Chinese students in US tell of ‘chilling’ interrogations and deportations

As tensions with China rise, scientists at America’s leading universities complain of stalled research after crackdown at airports

By Amy Hawkins


Stopped at the border, interrogated on national security grounds, laptops and mobile phones checked, held for several hours, plans for future research shattered.

Many western scholars are nervous about travelling to China in the current political climate. But lately it is Chinese researchers working at US universities who are increasingly reporting interrogations – and in several cases deportations – at US airports, despite holding valid work or study visas for scientific research.

Earlier this month the Chinese embassy in Washington said more than 70 students “with legal and valid materials” had been deported from the US since July 2021, with more than 10 cases since November 2023. The embassy said it had complained to the US authorities about each case.

The exact number of incidents is difficult to verify, as the US Customs and Border Protection (CBP) agency does not provide detailed statistics about refusals at airports. A spokesperson said that “all international travellers attempting to enter the United States, including all US citizens, are subject to examination”.

But testimonies have circulated on Chinese social media, and academics are becoming increasingly outspoken about what they say is the unfair treatment of their colleagues and students.

“The impact is huge,” says Qin Yan, a professor of pathology at Yale School of Medicine in Connecticut, who says that he is aware of more than a dozen Chinese students from Yale and other universities who have been rejected by the US in recent months, despite holding valid visas. Experiments have stalled, and there is a “chilling effect” for the next generation of Chinese scientists.

The number of people affected is a tiny fraction of the total number of Chinese students in the US. The State Department issued nearly 300,000 visas to Chinese students in the year to September 2023. But the personal accounts speak to a broader concern that people-to-people exchanges between the world’s two biggest economies and scientific leaders are straining.

The refusals appear to be linked to a 2020 US rule that barred Chinese postgraduate students with links to China’s “military-civil fusion strategy”, which aims to leverage civilian infrastructure to support military development. The Australian Strategic Policy Institute thinktank estimates that 95 civilian universities in China have links to the defence sector.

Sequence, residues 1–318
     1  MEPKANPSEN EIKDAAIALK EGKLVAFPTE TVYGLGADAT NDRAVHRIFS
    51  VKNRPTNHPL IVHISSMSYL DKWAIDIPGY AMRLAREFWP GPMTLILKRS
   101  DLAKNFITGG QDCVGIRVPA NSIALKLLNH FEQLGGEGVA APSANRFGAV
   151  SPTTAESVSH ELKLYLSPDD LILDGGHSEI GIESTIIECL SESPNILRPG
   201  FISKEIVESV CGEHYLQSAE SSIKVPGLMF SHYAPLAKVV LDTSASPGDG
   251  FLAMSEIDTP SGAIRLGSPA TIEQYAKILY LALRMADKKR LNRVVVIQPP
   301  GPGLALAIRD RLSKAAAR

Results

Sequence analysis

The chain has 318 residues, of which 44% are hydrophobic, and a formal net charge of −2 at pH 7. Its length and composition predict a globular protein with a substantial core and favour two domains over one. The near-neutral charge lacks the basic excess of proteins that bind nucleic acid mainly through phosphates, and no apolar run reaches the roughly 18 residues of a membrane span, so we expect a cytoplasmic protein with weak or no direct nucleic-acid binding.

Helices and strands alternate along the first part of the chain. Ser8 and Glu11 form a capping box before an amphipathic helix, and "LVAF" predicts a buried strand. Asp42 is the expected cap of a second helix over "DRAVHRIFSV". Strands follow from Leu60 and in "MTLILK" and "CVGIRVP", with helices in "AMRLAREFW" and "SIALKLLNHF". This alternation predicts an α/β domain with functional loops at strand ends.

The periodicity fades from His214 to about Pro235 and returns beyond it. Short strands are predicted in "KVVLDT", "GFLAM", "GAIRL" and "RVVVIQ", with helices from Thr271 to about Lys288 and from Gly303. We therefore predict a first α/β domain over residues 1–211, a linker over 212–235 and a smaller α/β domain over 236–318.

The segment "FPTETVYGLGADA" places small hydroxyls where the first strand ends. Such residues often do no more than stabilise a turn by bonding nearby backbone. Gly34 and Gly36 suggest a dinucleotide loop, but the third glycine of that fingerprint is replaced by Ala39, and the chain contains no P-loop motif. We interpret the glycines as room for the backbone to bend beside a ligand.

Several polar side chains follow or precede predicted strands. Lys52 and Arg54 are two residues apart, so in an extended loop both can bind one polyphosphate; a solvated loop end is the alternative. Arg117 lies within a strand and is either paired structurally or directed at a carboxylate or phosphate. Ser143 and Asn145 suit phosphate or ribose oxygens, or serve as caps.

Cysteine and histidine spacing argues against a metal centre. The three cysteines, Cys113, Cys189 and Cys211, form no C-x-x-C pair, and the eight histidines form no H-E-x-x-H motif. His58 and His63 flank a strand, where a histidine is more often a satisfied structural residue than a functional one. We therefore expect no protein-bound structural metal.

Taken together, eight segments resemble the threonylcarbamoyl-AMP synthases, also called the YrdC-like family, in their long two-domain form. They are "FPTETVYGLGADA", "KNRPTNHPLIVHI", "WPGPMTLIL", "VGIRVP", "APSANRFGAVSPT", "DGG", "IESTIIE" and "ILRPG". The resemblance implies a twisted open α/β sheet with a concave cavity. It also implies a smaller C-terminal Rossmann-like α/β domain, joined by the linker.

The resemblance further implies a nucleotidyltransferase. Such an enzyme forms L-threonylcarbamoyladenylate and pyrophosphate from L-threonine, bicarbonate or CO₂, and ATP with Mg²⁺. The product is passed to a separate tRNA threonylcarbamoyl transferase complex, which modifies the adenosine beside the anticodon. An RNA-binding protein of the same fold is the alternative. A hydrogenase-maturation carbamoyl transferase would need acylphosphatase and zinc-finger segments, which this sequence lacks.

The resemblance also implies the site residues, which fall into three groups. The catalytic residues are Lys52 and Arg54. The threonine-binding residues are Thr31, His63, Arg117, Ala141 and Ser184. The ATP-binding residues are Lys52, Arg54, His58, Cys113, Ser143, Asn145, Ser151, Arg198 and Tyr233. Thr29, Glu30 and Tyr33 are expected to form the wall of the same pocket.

Nearly 2,000 visas applications were rejected on that basis in 2021. But now people who pass the security checks necessary to be granted a visa by the State Department are being turned away at the border by CBP, a different branch of government.

“It is very hard for a CBP officer to really evaluate the risk of espionage,” said Dan Berger, an immigration lawyer in Massachusetts, who represents a graduate student at Yale who, midway through her PhD, was sent back from Washington’s Dulles airport in December, and banned from re-entering the US for five years.

“It is sudden,” Berger said. “She has an apartment in the US. Thankfully, she doesn’t have a cat. But there are experiments that were in progress.”

Academics say that scrutiny has widened to different fields – particularly medical sciences – with the reasons for the refusals not made clear.

X Edward Guo, a professor of biomedical engineering at Columbia University, said that part of the problem is that, unlike in the US, military research does sometimes take place on university campuses. “It’s not black and white … there are medical universities that also do military. But 99% of those professors are doing biomedical research and have nothing to do with the military.”

But “if you want to come to the US to study AI, forget it,” Guo said.

One scientist who studies the use of artificial intelligence to model the impact of vaccines said he was rejected at Boston Logan International airport. He was arriving to take up a place at Harvard Medical School as a postdoctoral researcher. “I never thought I would be humiliated like this,” he wrote on the Xiaohongshu app, where he recounted being quizzed about his masters’ studies in China and asked if he could guarantee that his teachers in China had not passed on any of his research to the military.

He did not respond to an interview request from the Observer. Harvard Medical School declined to confirm or comment on the specifics of individual cases, but said that “decisions regarding entry into the United States are under the purview of the federal government and outside of the school’s and the university’s jurisdiction.”

The increased scrutiny comes as Beijing and Washington are struggling to come to an agreement about the US-China Science and Technology Agreement, a landmark treaty signed in 1979 that governs scientific cooperation between the two countries. Normally renewed every five years, since August it has been sputtering through six-month extensions.

But following years of scrutiny from the Department of Justice investigation into funding links to China, and a rise in anti-Asian sentiment during the pandemic, ethnically Chinese scientists say the atmosphere is becoming increasingly hostile.

“Before 2016, I felt like I’m just an American,” said Guo, who became a naturalised US citizen in the late 1990s. “This is really the first time I’ve thought, OK, you’re an American but you’re not exactly an American.”



  • The article was first published by the Guardian.
  • Amy Hawkins is the Guardian’s senior China correspondent. Twitter @amyhawk_
  • The cover photo shows students at a degree ceremony at Harvard University in Massachusetts. Photograph: Paul Marotta/Getty Images




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